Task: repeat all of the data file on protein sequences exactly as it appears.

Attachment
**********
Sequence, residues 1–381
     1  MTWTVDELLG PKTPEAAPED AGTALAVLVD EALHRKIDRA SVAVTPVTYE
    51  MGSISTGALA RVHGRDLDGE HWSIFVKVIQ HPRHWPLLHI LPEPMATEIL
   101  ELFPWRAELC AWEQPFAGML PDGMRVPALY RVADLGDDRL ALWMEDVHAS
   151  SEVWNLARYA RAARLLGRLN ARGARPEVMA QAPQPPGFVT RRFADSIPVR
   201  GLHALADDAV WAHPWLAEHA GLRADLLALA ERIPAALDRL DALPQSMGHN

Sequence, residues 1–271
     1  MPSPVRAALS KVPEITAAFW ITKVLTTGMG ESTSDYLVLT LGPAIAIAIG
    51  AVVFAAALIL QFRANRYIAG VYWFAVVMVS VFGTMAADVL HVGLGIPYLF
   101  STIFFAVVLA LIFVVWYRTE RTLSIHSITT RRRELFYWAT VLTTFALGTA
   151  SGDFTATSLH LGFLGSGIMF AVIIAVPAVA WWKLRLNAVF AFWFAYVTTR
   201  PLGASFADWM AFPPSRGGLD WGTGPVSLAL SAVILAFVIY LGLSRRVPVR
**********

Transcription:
Sequence, residues 1–381
     1  MTWTVDELLG PKTPEAAPED AGTALAVLVD EALHRKIDRA SVAVTPVTYE
    51  MGSISTGALA RVHGRDLDGE HWSIFVKVIQ HPRHWPLLHI LPEPMATEIL
   101  ELFPWRAELC AWEQPFAGML PDGMRVPALY RVADLGDDRL ALWMEDVHAS
   151  SEVWNLARYA RAARLLGRLN ARGARPEVMA QAPQPPGFVT RRFADSIPVR
   201  GLHALADDAV WAHPWLAEHA GLRADLLALA ERIPAALDRL DALPQSMGHN

Sequence, residues 1–271
     1  MPSPVRAALS KVPEITAAFW ITKVLTTGMG ESTSDYLVLT LGPAIAIAIG
    51  AVVFAAALIL QFRANRYIAG VYWFAVVMVS VFGTMAADVL HVGLGIPYLF
   101  STIFFAVVLA LIFVVWYRTE RTLSIHSITT RRRELFYWAT VLTTFALGTA
   151  SGDFTATSLH LGFLGSGIMF AVIIAVPAVA WWKLRLNAVF AFWFAYVTTR
   201  PLGASFADWM AFPPSRGGLD WGTGPVSLAL SAVILAFVIY LGLSRRVPVR